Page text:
There are certain maintenance tasks that should be performed daily, and others that should be performed periodically. Below we have provided a list of best practices to follow when putting together your routine boiler maintenance plan.

On a daily basis, you should track and keep a log of the following items:

  • Boiler pressure and temperature
  • Stack temperature, to determine operational efficiency (a well-tuned boiler should have a stack temperature range of 50 – 100 degrees above the steam or water temperature)
  • Gas pressure to the regulator, as well as downstream from it
  • Water quality and pH levels, to ensure you are meeting the recommended levels

Blowdown of the boiler (bottom blow) and water column should also be performed on a daily basis. In addition, you should observe boiler and auxiliary equipment daily to ensure proper operation and that there is no damage, leaks, or unusual behavior. 

On a weekly to monthly basis, it’s important to conduct additional visual inspections and observe the operation of certain components for areas that may need to be addressed. This includes:

  • Gauge glass
  • Fuel supply valves
  • Operating and modulating controls, water level controls
  • Flame scanner & burner flame pattern
  • High- and low-pressure switches, combustion air proving switch
  • Indicating lights and alarms

When it comes to the burner, you should inspect the valves, pilot tube, and diffuser thoroughly for any signs of wear that might call for a repair. Also, be sure to observe the entirety of the boiler system for potential hot spots (an indicator of deteriorated refractory) and again, be sure to keep an eye out for any leaks of fuel, water, or flue gas.

Lastly, there are certain items that should be performed on a semi-annual to annual basis. Many of the tasks below can be checked off during the annual inspection, when the boiler is taken offline:

  • Open access doors and inspect the fireside of the boiler
  • Inspect boiler and tubes for evidence of corrosion; clean tubes and tube sheets thoroughly
  • Examine the refractory for large cracks (greater than 1/8”) and patch as necessary
  • Conduct safety tests on the gas valves
  • Review all electrical connections for tightness, signs of wiring wear
  • Check pump alignment on all base-mount pumps

This is also a good time to fully inspect the auxiliaries that provide fuel, air, water, and chemicals to the boiler. In addition, combustion should be reset periodically with the use of a combustion analyzer, for accurate readings of NOx, CO, and O2.

While the guidelines above provide a good baseline of tasks to perform when it comes to routine maintenance, be sure to consider the boiler manufacturer’s recommendations as well.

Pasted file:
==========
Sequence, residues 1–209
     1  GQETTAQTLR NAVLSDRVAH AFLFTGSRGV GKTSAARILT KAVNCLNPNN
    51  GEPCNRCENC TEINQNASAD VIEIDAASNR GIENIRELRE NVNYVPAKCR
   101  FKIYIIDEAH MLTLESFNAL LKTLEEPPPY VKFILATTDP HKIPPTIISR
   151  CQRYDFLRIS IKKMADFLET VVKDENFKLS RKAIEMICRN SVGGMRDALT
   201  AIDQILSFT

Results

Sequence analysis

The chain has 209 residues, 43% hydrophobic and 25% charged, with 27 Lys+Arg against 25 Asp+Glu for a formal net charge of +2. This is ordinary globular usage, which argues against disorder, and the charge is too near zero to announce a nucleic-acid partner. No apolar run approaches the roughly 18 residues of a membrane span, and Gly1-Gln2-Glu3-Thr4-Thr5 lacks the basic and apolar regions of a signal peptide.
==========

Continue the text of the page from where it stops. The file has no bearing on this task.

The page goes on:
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Boiler Basics 101: Understanding Air Permitting for Boilers in California - SCAQMD and RECLAIM

California is known for having one of the most stringent air emissions standards in the nation. Not only has the state been making environmentally conscious efforts since the 1960’s, it is also the only state that can write its own air pollution related laws and standards. When the Clean Air Act passed, Congress required the Environmental Protection Agency to grant California exemption, since the state was already developing innovative laws and standards to address the state’s major air pollution issues.


As a boiler owner in California, familiarizing yourself with local air laws and regulations can be overwhelming, which is why Nationwide Boiler is here to help. Let’s start with one of the two toughest air districts in the state, the SCAQMD.

The South Coast Air Quality Management District (SCAQMD) encompasses the Los Angeles County, Orange County, Riverside County, and San Bernardino County  . The SCAQMD implemented the REgional CLean Air Incentives Market (RECLAIM) Program in 1993 to reduce NOx and SOx emissions produced by the region’s facilities. Although the program calls for potentially expensive equipment upgrades or replacements to meet the new guidelines, companies may qualify for trading credits and other incentives through partnerships with local utilities (like SoCalGas).

aaaaaWithin the RECLAIM standards, Rule 1146 outlines specific guidelines for boilers, steam generators, and process heaters that have a heat input of 5 mmBtu/hr or greater, that are utilized in all industrial, institutional, and commercial operations. This rule has changed several times, and at the end of 2018, another revision to the rule was adopted. All Group 1 units (>/= 75MMBTu/hr) as well as Group II units (20 - 75 MMBTu/hr) with an existing permit limit greater than 2 ppm must comply with a 5 ppm NOx limit. In addition, facilities that qualify must be in compliance by 2022 – 2023. The table below outlines all equipment and current limits based on category and heat input.

If your facility falls into the RECLAIM bubble, Nationwide Boiler can assist in bringing your stationary equipment up to current standards to comply with the latest rules and regulations. Our CataStak™ SCR system is proven to reduce NOx emissions to as low as 2.5 ppm on boilers, fired heaters, and other demanding applications. Imagine what we can do for your facility to get you in compliance with RECLAIM!

Stay tuned for part 2, where we will outline specific rules and regulations within the SJVAPCD.

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Guest — Stefan Bradley
It's good to know that you should be familiar with the local air laws if you own a boiler. My uncle is interested in opening an in... Read More
Tuesday, 17 September 2019 14:19